PIERRE, S.D. (KELO) — None of the $321,000 raised this fall by auctioning a 2020 state license to hunt a bighorn sheep in western South Dakota will be part of the new Second Century Habitat Fund, a state government official said Wednesday.
The money will be used for other wildlife habitat programs offered by the state Game, Fish and Parks Department, deputy secretary Kevin Robling told members of the Legislature’s Government Operations and Audit Committee.
Robling said the Second Century fund has $2.4 million, including $1 million that the Legislature budgeted at Governor Kristi Noem’s request to help start it. Other money came from donations. He said DeLon Mork of Madison has agreed to be its chairman.
The fund won’t be overseen by GFP. “That is a completely separate 501(c)3 (not-for-profit),” Robling said. He provided a summary showing changes for the fund and its management that occurred after the Legislature contributed the state’s $1 million.
Robling noted that Game, Fish and Parks Secretary Kelly Hepler and GFP Commission chairman Gary Jensen of Rapid City are voting members by way of their positions. The not-for-profit has 11 members.
“These funds are completely separate from our operating budget,” Robling said, responding to a question from Senator Ryan Maher. The Isabel Republican chairs the legislative committee.
GFP fiscal director Chris Petersen said the Second Century Habitat Fund will hire an executive director to oversee its budget.
Maher wondered “six years down the line, when we’re all gone” about who would report to the Legislature on the fund and how lawmakers in the future would know about it. The South Dakota Constitution bars legislators from seeking a fifth consecutive term in the same chamber.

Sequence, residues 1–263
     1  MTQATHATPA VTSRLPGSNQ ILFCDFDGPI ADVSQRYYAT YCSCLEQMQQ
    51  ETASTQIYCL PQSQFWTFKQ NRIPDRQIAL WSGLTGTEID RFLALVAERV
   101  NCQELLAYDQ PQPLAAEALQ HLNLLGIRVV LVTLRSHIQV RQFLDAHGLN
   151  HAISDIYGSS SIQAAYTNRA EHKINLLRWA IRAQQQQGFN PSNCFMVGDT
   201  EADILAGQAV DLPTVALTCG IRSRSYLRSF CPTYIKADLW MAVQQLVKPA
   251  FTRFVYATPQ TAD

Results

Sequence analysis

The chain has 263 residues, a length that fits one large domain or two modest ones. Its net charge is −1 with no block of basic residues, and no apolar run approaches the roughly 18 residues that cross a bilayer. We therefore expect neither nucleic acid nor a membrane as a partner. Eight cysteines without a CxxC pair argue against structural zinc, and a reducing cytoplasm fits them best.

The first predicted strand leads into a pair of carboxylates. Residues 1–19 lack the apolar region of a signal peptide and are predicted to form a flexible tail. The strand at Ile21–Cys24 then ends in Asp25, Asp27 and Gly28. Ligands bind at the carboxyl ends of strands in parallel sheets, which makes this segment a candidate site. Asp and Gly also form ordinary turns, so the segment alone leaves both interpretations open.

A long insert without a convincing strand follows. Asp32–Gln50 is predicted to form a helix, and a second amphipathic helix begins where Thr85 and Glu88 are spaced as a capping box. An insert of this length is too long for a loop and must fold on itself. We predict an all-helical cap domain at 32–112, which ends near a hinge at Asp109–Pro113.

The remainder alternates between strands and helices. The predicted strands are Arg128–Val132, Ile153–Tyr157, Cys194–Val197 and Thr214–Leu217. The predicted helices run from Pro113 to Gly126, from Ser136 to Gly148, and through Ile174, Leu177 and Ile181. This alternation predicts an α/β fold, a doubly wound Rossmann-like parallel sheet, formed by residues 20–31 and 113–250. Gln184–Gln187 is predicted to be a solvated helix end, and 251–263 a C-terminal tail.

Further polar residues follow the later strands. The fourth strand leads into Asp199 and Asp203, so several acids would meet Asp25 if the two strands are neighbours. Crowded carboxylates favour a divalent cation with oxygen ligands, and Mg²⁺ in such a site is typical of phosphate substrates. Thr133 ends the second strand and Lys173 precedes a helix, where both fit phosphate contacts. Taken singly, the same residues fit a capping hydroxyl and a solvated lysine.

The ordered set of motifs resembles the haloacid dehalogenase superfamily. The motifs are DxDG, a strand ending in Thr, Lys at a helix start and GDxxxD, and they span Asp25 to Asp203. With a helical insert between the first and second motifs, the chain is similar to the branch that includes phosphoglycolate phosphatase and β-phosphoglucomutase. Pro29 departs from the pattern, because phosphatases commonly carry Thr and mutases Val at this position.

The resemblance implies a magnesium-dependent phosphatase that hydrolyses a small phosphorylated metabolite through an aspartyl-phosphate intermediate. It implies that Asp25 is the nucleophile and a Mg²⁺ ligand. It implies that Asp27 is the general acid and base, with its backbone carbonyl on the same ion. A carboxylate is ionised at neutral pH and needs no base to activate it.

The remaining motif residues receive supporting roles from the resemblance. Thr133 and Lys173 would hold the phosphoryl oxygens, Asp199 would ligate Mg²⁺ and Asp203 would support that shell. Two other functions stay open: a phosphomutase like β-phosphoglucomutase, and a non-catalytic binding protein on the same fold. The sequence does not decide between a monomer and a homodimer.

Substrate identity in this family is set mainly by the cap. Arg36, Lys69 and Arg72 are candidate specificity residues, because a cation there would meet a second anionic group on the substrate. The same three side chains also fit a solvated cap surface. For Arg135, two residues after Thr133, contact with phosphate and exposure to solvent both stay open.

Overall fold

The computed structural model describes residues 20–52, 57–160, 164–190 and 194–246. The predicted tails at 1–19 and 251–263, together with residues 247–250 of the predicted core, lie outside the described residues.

Robling said a legislative advisory panel could be added.
“I think that would be wise, because I can just see this being lost,” Maher said. He said that within five years “it would be completely forgotten about.”
Representative Shawn Bordeaux, a Mission Democrat, volunteered to serve on the advisory panel.
Asked how GFP spreads information about its landowner programs, Robling replied “word of mouth” among landowners and with GFP staff.
Senator Jack Kolbeck, a Sioux Falls Republican, asked whether GFP conservation officers approach landowners to suggest participation.
“That is exactly what our mission and goal is,” Robling said. “This is all part of that conversation.”
Robling said rack cards have been shared with landowners.
Kolbeck suggested landowners should get the cards in the mail when they receive their landowner-preference tag for hunting big game.
Out in the audience, state Wildlife Division assistant director Tom Kirschenmann wrote down the idea.